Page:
And since opposition to the agreement has become more widespread, and now exists on a cross-party basis including among members of the governing Conservatives, weakness in Sterling exchange rates has become more persistent. Halpenny says that weakness is here to stay for the time being.
"There are some key technical support levels for GBP/USD that are now close – 1.2699; 1.2696; and 1.2662; all previous lows in October and August – and a breach of these levels will open up a move back into a 1.2000-1.2500 range," Halpenny writes, in a breifing intended for MUFG's clients Wednesday.
The Pound-to-Dollar rate was quoted 0.40% higher at 1.2792 Wednesday but is down -5.2% for 2018. It is still more than 11% below the 1.45 rate that prevailed on the night of the June 23, 2016 Brexit referendum.
A handful of lawmakers have already made a failed bid to topple Prime Minister Theresa May after she returned from Brussels with agreements that they say, rather than "taking back control" from the EU, could actually enfranchise it with even more power over the UK.
The future relationship declaration sets out what purports to be a joint ambition for a Canada-style free trade agreement between the UK and EU that would take effect at the end of a transition period currently scheduled to run between March 29, 2019 and the end of December 2020.
However, in order to get to that trade deal, it must first be negotiated with the UK inside a "transition period". By that time, the U.K. will already have signed up to an international treaty called the "Withdrawal Agreement" that could see the country forced into an unenviable position should PM May prove unable to satisfy EU negotiators.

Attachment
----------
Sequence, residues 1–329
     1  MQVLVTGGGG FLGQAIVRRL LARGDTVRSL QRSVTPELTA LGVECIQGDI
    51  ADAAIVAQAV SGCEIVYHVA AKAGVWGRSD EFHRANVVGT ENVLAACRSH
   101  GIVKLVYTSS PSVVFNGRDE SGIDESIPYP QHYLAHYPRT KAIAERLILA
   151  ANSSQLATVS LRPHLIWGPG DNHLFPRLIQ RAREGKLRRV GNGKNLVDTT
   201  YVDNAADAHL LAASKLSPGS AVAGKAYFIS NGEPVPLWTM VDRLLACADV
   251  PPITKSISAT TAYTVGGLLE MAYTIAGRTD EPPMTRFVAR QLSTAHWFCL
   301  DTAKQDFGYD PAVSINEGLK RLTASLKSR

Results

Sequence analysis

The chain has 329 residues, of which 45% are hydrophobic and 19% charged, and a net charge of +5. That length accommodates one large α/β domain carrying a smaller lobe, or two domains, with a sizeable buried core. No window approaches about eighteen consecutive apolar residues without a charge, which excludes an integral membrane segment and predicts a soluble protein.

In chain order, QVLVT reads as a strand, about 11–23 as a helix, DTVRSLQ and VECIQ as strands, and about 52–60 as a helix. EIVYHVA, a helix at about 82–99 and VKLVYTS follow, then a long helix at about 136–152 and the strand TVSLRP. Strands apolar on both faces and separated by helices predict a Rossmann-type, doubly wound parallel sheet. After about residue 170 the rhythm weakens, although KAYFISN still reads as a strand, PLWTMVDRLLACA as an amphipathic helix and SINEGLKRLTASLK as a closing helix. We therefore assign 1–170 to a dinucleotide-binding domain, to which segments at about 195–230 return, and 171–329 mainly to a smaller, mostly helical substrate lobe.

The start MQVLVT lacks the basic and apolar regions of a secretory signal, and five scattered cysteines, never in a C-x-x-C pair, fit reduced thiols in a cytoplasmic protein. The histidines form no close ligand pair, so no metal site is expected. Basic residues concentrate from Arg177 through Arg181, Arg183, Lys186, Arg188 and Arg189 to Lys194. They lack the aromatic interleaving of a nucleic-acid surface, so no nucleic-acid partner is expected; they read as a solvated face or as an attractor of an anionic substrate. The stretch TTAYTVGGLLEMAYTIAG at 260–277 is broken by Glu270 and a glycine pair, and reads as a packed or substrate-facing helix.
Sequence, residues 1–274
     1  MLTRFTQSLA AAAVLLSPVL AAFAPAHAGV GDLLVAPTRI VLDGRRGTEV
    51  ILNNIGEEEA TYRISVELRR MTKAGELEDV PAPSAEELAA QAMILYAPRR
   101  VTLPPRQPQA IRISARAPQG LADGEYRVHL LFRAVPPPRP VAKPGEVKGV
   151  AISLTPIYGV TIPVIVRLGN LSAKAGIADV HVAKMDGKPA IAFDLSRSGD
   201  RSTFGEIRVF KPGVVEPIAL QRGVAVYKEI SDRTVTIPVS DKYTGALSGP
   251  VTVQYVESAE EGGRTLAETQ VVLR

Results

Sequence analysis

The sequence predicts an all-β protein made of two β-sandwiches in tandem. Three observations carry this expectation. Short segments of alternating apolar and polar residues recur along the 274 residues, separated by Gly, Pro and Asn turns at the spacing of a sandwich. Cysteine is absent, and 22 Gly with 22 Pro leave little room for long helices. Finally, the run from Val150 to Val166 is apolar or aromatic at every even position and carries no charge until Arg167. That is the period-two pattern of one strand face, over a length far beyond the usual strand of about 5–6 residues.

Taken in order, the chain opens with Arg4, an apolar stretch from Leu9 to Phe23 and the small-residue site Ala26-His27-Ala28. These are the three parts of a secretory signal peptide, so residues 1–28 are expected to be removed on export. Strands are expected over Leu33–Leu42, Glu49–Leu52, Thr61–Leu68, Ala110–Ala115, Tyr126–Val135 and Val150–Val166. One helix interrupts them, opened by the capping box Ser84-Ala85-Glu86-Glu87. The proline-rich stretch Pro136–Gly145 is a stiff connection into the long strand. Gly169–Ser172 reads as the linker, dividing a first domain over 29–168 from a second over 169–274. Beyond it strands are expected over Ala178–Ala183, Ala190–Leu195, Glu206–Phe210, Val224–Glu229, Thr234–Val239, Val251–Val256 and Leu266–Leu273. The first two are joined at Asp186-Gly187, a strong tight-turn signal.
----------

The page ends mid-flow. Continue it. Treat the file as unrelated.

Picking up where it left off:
That unenviable position would see the government choose between remaining in "transition", during which time little about the relationship will change, and life under a so-called backstop arrangement until the EU decides otherwise.
Permanent transition would see the UK continue to make payments to the EU and remain under its legislative auspices, while being denied representation in EU institutions and influence over relevant legislation.
The purported backstop would see the UK held within a customs union with the EU, but the Northern Irish province subjected to "Northern Ireland specific regulatory alignment".
The PM and EU negotiators claim the arrangements are intented to ensure any future trade arrangements will not compromise the EU single market and lead the EU to impose a physical border that divides the island of Ireland.
But Brexiteers say there are other ways of avoiding a division of Ireland and that the proposals hand the EU something close to a veto over the U.K.'s departure from the union while committing the country to paying a £39 billion "Brexit Bill" from the outset. Many claim they'll vote against it in parliament.
Northern Irish lawmakers, on whose support the Prime Minister depends for a majority in parliament, say the proposals will undermine the province's union with Great Britain and have also pledged to vote against it in the House of Commons.